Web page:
The world faces a difficult dilemma between preparing for a future crisis and repairing the damage from this one. Getting it wrong could be disastrous.
COVID-19 has left behind “complex legacies” that will require nations to rebuild their fiscal buffers while simultaneously repairing the growing structural weaknesses in their economies, according to the International Monetary Fund (IMF).
“Pre-existing inequalities have amplified the adverse impact of the pandemic. And, in turn, COVID-19 has aggravated inequalities. A vicious cycle of inequality could morph into a social and political seismic crack,” wrote Vitor Gaspar, director of the IMF’s fiscal affairs department.
The IMF believes preventing that outcome means strengthening social safety nets by increasing the adequacy of benefits, “investing more and investing better” in education and health, and supporting developing nations that face tougher challenges around vaccination and economic recovery. That means more spending – and more spending likely means more taxes.
“COVID-19 recovery contributions and ‘excess’ corporate profits taxes could be considered. Wealth taxes can also be considered if the previous measures are not enough. Emerging market and developing economies should focus on strengthening tax capacity to finance more social spending,” the IMF wrote, adding that “predistributive” policies (which affect incomes before taxes) should also be considered.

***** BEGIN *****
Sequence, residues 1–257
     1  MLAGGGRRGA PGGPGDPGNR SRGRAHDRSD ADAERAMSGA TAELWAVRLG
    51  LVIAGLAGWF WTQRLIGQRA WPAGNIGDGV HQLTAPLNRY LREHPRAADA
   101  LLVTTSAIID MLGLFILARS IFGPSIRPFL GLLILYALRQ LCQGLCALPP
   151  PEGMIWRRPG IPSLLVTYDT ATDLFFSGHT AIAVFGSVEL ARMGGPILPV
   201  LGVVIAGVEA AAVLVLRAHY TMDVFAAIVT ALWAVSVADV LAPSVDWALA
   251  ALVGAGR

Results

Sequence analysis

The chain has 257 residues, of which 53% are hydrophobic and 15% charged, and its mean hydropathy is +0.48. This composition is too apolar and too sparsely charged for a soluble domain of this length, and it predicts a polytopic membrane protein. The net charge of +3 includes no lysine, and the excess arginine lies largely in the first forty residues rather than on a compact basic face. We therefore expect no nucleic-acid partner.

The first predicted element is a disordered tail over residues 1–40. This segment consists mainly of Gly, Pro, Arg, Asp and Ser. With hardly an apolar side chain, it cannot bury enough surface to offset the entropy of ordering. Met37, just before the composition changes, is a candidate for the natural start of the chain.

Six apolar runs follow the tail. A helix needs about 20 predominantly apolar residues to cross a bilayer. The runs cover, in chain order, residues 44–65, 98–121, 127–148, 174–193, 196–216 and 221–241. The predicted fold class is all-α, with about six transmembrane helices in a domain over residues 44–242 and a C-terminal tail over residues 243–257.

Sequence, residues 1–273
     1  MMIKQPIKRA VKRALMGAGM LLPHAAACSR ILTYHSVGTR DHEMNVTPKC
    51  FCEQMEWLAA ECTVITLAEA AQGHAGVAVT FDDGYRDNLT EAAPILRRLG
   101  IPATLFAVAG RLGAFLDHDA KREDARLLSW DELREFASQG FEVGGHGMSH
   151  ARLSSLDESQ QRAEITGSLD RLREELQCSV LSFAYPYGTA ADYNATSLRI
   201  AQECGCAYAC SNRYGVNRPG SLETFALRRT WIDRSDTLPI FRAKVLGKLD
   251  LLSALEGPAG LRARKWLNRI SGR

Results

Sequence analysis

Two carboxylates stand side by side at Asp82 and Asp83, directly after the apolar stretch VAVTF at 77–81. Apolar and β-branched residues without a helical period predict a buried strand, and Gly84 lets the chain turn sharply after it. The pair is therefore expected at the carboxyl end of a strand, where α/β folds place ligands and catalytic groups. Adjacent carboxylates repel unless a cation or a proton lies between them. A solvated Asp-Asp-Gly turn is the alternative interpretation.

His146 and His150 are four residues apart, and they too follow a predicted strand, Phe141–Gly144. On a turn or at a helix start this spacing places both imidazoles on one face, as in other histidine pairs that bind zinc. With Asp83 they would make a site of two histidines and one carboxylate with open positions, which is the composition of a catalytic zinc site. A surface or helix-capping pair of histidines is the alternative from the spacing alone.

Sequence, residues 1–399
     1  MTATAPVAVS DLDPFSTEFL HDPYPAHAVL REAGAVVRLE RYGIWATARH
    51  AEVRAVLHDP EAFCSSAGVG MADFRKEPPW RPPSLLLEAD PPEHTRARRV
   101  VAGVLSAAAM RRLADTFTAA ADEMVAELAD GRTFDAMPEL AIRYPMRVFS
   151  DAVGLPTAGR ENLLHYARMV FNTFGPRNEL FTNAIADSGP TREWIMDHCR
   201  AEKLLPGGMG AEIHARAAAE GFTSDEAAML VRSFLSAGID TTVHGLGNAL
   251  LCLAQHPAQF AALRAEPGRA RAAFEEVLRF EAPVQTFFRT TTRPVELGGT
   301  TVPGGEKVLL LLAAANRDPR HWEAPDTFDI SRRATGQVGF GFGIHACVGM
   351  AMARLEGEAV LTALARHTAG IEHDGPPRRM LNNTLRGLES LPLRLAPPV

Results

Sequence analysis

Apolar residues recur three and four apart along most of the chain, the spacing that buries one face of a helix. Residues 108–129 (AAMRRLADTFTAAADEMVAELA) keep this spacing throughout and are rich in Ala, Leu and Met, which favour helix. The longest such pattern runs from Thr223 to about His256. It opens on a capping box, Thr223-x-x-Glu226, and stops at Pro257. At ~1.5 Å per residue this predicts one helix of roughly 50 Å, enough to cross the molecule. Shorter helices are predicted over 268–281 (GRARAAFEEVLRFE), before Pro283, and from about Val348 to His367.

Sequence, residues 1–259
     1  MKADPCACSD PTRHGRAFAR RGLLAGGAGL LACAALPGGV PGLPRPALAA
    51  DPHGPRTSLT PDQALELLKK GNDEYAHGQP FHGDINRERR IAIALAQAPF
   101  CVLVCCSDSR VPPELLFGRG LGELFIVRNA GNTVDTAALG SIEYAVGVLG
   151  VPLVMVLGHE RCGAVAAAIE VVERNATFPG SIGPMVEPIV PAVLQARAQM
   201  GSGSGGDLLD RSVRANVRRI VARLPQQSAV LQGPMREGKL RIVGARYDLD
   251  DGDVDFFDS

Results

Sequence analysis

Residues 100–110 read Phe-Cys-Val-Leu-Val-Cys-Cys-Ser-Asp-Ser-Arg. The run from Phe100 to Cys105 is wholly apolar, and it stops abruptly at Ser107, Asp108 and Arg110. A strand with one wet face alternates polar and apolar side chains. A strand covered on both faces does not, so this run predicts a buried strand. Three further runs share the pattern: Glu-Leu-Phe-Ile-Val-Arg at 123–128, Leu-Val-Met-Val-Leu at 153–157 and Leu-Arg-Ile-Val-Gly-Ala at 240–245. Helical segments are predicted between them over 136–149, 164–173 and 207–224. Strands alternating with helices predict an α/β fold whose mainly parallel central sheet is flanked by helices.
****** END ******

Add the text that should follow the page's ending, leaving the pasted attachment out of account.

But governments will also need to take heed of public expectations, with a high risk that trust in their efforts will deteriorate if support for people and firms is “perceived to be inadequate” or if they fail to allocate efficiency gains to those most affected by COVID-19.
“Past epidemics have undermined trust in political institutions and leaders in a durable manner. In this context, ensuring fair and affordable access to safe and effective COVID-19 vaccines for all – starting with frontline workers and those in high-risk groups – irrespective of national boundaries, is crucial,” the IMF wrote.